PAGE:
According to the presenters, a cultural change is necessary to ensure this, because RDM is not a punctual action, but a continuous process that should accompany the entire research data life cycle.

The IoP approach is a common data management plan (DMP) template. The idea behind this is that DMPs cover all stages of the research data cycle. At the same time, a common communication basis is created within the IoP.

The conclusion of the exciting presentation was that a requirements analysis was necessary to get an overview of all existing data sets. To ensure that the data is technically, content-wise and organizationally fit for sharing, a uniform guidance and a common language basis must be created while still allowing for individuality. Furthermore, awareness and literacy measures as well as exchange with other initiatives are necessary. Last but not least, a translation into concrete FAIRification measures is necessary.

Presentation III – Research Data Management within the Cluster of Excellence RESOLV | Prof. Dr. Christoph Held

In the last presentation, Prof. Dr. Christoph Held reported on research data management within the Cluster of Excellence RESOLV and highlighted the difficulties in the discipline of chemistry that are to be addressed with the help of RESOLV.

RESOLV (Ruhr Explores Solvation) is dedicated to the investigation of chemical systems and technical processes. Various institutions such as TU Dortmund University, MPI, Fraunhofer and Ruhr University are involved in RESOLV. The research groups produce data that are very diverse in their origin: There are experimental data, theory data and image data. All these different data vary considerably in size. In chemistry, it is common practice to collect these data in a laboratory manual. Handwritten laboratory manuals, however, are not only outdated, but also no longer meet the requirements of modern research data management. Electronic lab notebooks (ELN), in which the data are organized and collected, are therefore now commonplace.

Given the requirement to make results immediately available to researchers within RESOLV, research data management plays an essential role. The particular setting of a cluster of excellence is an ideal pilot area for introducing and testing tools in a sufficiently large and diverse ecosystem that is nevertheless small enough to optimize the implementation and identify technical specifics on a controllable scale.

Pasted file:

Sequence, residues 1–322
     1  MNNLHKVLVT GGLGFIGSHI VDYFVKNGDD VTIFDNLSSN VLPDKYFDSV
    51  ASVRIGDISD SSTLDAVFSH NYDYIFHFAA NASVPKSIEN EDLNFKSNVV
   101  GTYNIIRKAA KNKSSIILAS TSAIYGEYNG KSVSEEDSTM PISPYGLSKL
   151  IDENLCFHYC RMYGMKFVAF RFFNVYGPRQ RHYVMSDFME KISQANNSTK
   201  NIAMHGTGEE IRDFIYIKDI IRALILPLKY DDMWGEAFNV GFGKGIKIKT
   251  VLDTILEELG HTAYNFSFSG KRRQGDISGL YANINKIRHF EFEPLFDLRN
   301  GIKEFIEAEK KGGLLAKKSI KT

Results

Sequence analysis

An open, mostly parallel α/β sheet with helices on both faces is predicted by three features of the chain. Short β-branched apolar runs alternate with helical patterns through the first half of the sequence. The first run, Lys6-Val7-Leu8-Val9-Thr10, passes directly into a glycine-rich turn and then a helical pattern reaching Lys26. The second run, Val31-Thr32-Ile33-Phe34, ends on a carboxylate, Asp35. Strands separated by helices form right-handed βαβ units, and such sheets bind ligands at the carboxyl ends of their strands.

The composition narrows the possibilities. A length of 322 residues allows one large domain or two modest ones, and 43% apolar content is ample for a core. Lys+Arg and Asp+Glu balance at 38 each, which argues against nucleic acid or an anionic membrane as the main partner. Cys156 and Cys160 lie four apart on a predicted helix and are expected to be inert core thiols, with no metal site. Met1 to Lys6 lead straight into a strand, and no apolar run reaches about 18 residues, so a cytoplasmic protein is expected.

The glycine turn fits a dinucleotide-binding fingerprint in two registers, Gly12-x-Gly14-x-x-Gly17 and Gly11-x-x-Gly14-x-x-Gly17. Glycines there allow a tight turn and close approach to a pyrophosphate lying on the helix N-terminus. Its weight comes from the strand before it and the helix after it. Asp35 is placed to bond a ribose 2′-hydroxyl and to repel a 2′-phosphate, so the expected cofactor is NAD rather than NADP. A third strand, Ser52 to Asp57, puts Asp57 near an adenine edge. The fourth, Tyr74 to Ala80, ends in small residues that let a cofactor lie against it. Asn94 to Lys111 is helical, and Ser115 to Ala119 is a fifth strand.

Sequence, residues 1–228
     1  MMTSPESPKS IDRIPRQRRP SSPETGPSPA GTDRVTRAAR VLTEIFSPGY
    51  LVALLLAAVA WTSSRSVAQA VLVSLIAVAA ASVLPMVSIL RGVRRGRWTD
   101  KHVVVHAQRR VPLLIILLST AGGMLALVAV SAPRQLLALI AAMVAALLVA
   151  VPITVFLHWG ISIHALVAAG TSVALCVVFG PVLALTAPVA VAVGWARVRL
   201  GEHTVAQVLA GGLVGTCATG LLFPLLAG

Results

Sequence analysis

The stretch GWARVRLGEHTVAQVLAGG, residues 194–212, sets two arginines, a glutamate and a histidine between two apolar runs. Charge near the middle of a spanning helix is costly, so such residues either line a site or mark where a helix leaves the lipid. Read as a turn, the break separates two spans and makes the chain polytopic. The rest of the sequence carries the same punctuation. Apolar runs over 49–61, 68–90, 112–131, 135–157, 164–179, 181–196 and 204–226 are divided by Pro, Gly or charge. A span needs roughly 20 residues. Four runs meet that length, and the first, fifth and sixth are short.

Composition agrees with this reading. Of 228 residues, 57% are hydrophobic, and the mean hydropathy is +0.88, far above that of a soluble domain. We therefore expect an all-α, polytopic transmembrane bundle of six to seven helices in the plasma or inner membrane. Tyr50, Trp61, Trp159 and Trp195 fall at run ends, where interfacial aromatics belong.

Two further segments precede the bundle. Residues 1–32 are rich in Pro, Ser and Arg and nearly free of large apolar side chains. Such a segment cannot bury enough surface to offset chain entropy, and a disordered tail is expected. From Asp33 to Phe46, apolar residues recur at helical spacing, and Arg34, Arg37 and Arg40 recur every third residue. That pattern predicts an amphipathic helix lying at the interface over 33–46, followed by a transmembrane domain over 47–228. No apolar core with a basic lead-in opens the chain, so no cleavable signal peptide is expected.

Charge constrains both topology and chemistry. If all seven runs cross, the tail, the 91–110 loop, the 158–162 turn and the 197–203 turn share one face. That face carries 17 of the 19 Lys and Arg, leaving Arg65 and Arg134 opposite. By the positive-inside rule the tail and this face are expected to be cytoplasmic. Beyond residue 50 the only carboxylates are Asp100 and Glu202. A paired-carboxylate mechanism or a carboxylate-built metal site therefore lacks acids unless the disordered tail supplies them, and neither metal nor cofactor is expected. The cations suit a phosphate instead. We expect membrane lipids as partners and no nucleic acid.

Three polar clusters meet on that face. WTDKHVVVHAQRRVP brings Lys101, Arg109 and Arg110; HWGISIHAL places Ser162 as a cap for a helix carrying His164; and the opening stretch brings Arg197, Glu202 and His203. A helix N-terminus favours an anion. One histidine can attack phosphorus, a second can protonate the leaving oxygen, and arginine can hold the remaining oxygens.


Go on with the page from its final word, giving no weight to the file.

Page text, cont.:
In the presentation, Prof. Dr. Christoph Held showed the setup of an implemented RESOLV RDM system consisting of ELN applications and a RESOLV local repository system. The system was demonstrated in a live demo. Prof. Dr. Christoph Held addressed how ELNs and repos can be integrated and how different users can be assigned different roles.

Finally, internal and external challenges of the system were pointed out. These include, for example, researchers who are unwilling to use the system for various reasons or the demand for high storage space. In addition, it would be necessary to consider how to provide access to the system. Here, a login via SSO is being considered. In addition, it would have to be clarified whether different solution approaches of the participating institutions represent an obstacle. How to deal with this and how to link the solution approaches with the RESOLV system? The future at the Cluster of Excellence RESOLV remains exciting!

Learn more

Don’t miss the other posts and summaries of the afternoon program at RWTH Aachen University coming soon on this blog.

If you have any questions about research data management in general, just contact the IT-ServiceDesk. The RDM team looks forward to hearing from you.

For more information on RDM, please also visit the RWTH web pages.


Responsible for the content of this article are Sophia Nosthoff und Arlinda Ujkani.